Seventy-five years ago today, the September 7, 1942, issue of Broadcasting magazine included a supplement with the radio figures from the 1940 census, as well as a complete log of all U.S. broadcast stations as of 1942, and figures showing the numbers of radio retailers and sales figures. The map above shows the percentage of radio homes in 1940. Since there was a freeze on new stations during the War, and since no new radios were being produced, the issue provides an interesting snapshot of radio in the United States during the War years.

Massachussetts led the nation with 96.2% of its homes being equipped with a radio. Within that state, the county with the highest percentage of radio households was Norfolk County, with 98.1% of the households having at least one radio. The last place honors went to the State of Mississippi, with only 39.9% of homes having a radio, despite twelve broadcasting stations in the state. Within that state, the county with the lowest percentage of radio households was Issaquana County, where only 320 households out of 1779 had a radio, or only 18%.

Of Minnesota’s 728,359 households, 664,296 had at least one radio, for a percentage of 91.2. Lake of the Woods County had the lowest penetration of radio receivers, with 1150 radio households out of 1501 total, for a percentage of 76.6%. Minneapolis and St. Paul had very high percentages of radio households, 96.6% and 96.7% respectively. They were edged out, however, by Rochester, with 96.8% of the households having a radio. The other city included in the listing of cities over 25,000 was Duluth, with 95.7% of the households having a radio.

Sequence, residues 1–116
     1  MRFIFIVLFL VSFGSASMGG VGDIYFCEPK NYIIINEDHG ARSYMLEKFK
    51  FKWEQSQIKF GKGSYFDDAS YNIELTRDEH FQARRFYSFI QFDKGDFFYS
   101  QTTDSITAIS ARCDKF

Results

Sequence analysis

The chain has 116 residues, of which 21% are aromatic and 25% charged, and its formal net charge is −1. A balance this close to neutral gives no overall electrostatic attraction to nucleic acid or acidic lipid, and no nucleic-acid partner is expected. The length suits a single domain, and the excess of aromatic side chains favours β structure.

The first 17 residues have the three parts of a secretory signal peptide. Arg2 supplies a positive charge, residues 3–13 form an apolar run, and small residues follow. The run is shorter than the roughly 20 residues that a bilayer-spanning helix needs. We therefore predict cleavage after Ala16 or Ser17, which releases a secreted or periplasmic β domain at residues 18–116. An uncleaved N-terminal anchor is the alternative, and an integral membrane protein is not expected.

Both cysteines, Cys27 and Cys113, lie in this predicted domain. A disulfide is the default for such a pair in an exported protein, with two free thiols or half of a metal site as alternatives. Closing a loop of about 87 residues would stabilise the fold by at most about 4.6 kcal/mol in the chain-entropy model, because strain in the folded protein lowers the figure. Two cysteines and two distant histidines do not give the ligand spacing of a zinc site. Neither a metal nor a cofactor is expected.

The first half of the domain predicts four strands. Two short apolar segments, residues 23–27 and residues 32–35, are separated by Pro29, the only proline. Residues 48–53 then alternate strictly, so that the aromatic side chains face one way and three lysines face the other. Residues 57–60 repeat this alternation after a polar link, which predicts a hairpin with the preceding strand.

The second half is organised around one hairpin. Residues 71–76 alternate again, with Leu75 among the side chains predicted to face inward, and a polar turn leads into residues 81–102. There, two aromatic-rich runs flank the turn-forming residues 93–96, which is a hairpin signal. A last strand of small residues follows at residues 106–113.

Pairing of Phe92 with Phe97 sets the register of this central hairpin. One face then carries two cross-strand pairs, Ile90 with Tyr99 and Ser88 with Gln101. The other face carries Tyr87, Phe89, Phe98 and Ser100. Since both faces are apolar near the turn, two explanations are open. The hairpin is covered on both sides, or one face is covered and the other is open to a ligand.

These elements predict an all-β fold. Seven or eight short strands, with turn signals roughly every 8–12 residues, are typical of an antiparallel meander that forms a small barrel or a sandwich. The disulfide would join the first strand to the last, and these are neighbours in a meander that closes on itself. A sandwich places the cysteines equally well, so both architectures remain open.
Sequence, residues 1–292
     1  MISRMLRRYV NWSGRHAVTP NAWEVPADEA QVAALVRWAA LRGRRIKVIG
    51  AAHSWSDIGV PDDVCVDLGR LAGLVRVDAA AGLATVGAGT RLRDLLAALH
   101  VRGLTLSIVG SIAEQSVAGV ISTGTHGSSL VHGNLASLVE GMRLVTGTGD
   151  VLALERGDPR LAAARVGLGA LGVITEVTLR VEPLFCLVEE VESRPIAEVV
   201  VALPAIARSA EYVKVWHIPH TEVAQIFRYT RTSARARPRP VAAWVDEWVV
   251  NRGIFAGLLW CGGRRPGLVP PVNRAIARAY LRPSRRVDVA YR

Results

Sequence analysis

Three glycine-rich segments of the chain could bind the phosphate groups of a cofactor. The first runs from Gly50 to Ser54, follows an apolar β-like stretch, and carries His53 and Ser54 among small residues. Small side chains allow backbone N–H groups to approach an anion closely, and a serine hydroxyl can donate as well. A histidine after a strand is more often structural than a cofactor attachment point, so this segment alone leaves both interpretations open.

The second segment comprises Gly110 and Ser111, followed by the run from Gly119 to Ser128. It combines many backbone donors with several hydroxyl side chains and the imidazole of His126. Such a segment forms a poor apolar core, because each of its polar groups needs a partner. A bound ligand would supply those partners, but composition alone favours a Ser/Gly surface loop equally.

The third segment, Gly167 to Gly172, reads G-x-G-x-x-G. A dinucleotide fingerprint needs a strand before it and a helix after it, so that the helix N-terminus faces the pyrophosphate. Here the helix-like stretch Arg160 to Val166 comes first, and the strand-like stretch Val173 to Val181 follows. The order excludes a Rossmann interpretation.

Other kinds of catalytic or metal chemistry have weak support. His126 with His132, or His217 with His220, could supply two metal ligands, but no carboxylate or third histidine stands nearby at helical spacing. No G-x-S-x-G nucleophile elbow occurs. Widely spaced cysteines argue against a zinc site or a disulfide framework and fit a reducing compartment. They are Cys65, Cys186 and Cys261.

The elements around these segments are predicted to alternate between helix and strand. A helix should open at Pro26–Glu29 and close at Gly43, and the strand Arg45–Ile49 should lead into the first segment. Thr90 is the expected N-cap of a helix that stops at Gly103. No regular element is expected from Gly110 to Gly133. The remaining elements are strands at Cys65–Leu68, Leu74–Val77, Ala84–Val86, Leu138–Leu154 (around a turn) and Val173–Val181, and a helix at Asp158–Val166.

1942Sep7BC2The station listing shown here reveals that during the War years, Minneapolis and St. Paul were served by seven stations. Both KSTP, 1500 kHz, and WCCO, 830 kHz, had 50,000 watt signals full time.

Three stations had 5000 watt signals during the daytime: WDGY on 1130 kHz, reduced its power to 500 watts at night, but the hours were determined by local time in Albuquerque, since it protected a station there. WLB, which later became KUOM, was daytime only, and also shared time on its 770 kHz frequency with WCAL in Northfield, an arrangement that continued in later decades. WTCN reduced its power on 1280 kHz to 1000 watts at night.

WLOL on 1330 kHz was licensed for 1000 watts, and WMIN ran 250 watts at 1400 kHz.

Duluth was listed as the home to KDAL on 610 kHz and WEBC on 1320 kHz. The other station serving the Twin Ports, WDSM, was licensed to Superior, Wisconsin, and appeared in the Wisconsin listings.

Cities with 250 watt stations included Albert Lea (KATE, 1450 kHz), Fergus Falls (KGDE, 1230 kHz, with 100 watts nighttime power), Mankato (KYSM, 1230), Moorhead (KVOX, 1340), Rochester (KROC, 1340), St. Cloud (KFAM, 1450), Virginia (WHLB, 1400), Willmar (KWLM, 1340), and Winona (KWNO, 1230).

Another station covering Minnesota but not listed was WDAY in Fargo, which corrected the oversight by purchasing two full-page ads, one in the Minnesota listing and another in the North Dakota section, pointing out that it had a large service area in both states, and including a story, that must have seemed just a bit risque in 1942, about a traveling soap salesman and a farmer’s daughter.



Radio Constructor, 1947-1981